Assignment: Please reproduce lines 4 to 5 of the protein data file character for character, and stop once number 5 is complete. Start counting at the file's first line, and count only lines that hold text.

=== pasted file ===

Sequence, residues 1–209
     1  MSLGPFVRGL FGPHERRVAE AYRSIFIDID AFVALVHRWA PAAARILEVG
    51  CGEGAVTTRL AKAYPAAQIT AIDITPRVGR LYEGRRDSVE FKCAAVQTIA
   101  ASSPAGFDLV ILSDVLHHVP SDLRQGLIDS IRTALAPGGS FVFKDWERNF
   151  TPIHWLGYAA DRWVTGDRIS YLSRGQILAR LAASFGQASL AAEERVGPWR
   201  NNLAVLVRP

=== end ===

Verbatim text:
   101  ASSPAGFDLV ILSDVLHHVP SDLRQGLIDS IRTALAPGGS FVFKDWERNF
   151  TPIHWLGYAA DRWVTGDRIS YLSRGQILAR LAASFGQASL AAEERVGPWR